“In 2 miles ahead on Interstate 24 go left…or right.”

“Which one was it?”

“2 miles.”

“No, which direction?”

“Interstate 24.”

“No, buddy. Left or right?”

“Yep. Left or right.”

That little detail would make the difference in us getting home. Or getting to another state. In his mind, “left or right” was adequate. But more work needed to be done. That distinction made all of the difference in the world, even though every other part of what he said was right on point.

Your idea

You’ve got inside of you an idea that will shatter expectations and hopes. That will set your organization, your church, your small group, your family, your team, or your non-profit absolutely to the next level of success.

But there’s one pesky little detail that you’re overlooking. One thing that will derail success. One tiny pebble on your track that needs to be moved before you can go forward.

  • Maybe it’s a hint of pride in your own heart.
  • Maybe it’s someone that needs to be clued in to the change that’s about to go down.
  • Maybe it’s a scheduling detail that you need to work through.
  • Maybe it’s a board member that needs to…
  • Maybe it’s a timing issue you need to revisit.
  • Maybe it’s a conversation you need to make.
  • Maybe it’s a phone call you need to follow up with.
  • Maybe it’s an agenda that needs to be tweaked.
  • Maybe you need to share ownership.
  • Maybe you need to change direction mid-stream.

What detail do you need to shore up?

The success or failure of your idea may very well depend on your combing over things one more time.

Details matter.

Measure twice. Cut once.

If one gives an answer before he hears,
it is his folly and shame. – Proverbs 18:13

 

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A tale of 2 pastors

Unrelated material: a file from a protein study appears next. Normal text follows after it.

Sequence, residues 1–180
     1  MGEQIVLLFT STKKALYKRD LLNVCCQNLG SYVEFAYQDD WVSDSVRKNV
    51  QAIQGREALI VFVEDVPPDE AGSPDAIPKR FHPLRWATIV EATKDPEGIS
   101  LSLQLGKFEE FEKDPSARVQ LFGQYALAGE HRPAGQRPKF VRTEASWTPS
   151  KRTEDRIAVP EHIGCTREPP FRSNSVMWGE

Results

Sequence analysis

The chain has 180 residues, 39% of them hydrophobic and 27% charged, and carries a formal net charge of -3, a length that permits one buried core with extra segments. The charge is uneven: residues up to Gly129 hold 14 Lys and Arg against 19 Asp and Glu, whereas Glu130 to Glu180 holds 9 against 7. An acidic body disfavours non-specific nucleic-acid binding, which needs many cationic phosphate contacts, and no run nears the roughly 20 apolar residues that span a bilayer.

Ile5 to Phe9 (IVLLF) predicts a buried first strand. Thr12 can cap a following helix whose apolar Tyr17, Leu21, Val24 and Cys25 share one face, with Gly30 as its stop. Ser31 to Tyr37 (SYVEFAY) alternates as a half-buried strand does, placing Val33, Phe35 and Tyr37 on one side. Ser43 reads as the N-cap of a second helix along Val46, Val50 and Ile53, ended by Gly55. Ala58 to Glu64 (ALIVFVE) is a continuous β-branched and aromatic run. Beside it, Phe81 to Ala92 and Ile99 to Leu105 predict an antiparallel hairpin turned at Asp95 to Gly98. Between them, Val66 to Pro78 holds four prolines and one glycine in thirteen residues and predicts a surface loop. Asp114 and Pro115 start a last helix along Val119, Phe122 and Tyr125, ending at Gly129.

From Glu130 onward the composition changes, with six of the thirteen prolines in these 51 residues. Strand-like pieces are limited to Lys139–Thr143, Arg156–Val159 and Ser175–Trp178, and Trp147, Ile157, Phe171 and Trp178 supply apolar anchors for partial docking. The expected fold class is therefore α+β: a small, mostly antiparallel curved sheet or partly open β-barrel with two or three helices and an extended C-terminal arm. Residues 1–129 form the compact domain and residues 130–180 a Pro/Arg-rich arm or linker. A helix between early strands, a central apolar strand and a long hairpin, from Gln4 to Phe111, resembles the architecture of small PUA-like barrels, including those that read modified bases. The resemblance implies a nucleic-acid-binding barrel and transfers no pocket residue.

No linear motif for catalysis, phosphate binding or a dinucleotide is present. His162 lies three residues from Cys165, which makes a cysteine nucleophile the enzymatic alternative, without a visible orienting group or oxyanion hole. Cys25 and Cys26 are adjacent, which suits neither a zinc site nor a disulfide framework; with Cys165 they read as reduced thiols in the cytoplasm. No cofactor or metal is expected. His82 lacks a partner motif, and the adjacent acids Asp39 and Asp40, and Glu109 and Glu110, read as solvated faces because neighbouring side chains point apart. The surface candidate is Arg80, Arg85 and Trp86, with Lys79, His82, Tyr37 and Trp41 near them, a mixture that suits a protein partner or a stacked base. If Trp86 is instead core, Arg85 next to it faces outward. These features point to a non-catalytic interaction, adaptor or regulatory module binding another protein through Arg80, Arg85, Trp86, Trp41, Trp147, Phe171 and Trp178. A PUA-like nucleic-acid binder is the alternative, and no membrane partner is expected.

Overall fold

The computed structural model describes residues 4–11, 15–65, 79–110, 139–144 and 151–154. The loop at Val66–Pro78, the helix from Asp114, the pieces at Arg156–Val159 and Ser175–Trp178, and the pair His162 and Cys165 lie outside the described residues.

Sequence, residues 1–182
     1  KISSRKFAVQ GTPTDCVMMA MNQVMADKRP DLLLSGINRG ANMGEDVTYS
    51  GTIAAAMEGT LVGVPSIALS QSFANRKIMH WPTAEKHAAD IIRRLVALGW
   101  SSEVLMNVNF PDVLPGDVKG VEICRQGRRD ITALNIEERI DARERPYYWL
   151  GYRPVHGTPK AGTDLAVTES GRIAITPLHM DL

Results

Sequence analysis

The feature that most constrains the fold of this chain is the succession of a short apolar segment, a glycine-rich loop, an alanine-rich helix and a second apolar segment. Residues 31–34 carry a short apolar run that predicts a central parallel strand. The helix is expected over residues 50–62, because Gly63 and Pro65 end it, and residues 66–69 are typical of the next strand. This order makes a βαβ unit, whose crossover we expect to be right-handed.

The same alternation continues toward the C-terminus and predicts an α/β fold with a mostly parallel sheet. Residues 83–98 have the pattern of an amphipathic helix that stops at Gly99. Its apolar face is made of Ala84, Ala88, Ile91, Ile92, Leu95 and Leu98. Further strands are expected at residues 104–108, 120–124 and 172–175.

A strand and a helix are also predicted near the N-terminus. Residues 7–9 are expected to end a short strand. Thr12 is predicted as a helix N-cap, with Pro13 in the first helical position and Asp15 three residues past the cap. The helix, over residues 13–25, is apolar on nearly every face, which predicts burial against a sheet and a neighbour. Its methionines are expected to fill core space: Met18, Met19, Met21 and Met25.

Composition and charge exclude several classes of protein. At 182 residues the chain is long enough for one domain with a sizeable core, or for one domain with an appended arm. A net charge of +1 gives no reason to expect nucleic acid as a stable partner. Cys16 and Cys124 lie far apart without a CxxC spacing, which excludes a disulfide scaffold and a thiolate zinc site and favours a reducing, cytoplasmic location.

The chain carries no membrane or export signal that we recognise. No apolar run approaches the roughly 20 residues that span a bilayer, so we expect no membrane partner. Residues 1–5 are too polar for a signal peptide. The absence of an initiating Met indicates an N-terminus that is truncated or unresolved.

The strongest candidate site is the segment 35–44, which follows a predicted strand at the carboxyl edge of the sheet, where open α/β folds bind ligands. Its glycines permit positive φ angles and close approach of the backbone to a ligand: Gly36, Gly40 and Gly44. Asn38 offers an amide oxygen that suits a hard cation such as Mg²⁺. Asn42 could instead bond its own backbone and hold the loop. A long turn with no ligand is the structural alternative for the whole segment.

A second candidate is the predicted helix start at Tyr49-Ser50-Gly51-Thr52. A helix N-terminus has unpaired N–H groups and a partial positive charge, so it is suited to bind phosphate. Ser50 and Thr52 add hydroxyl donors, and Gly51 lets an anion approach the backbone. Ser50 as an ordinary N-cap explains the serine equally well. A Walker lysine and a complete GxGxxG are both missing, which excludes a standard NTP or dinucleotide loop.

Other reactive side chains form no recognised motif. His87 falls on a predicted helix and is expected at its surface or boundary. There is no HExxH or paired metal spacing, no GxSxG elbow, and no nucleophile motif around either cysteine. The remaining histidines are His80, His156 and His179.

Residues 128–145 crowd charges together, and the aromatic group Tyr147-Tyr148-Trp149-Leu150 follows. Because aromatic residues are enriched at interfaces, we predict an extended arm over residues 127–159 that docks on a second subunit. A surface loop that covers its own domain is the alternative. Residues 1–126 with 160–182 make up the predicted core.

Ben Reed —  November 21, 2013 — 4 Comments

It was the best of times, it was the worst of times, it was the age of wisdom, it was the age of foolishness, it was the epoch of belief, it was the epoch of incredulity… – Charles Dickens, A Tale of Two Cities

I rode in the front seat while he leaned forward in the back of a cab one night in Dallas on our way back to the hotel. We were speaking at a conference together. I was leading a tiny breakout. He was a main-stage ‘rock star’ preacher.

As we talked, he expressed a genuine interest in the ministry I was a part of. About my family. He was concerned for what concerned me. Genuinely interested in being a small part of the solution. Genuinely interested in encouraging me. In listening, learning, and growing.

Someone at some point in some city at some conference told him he was awesome. Gifted. That he was a once-in-a-generation leader. In that moment, and in a thousand moments since, he reminded himself of his utter dependency on God.

__________________________________

Passing him in the hallway of the church he led, I stole a moment to say hey, and build a relationship.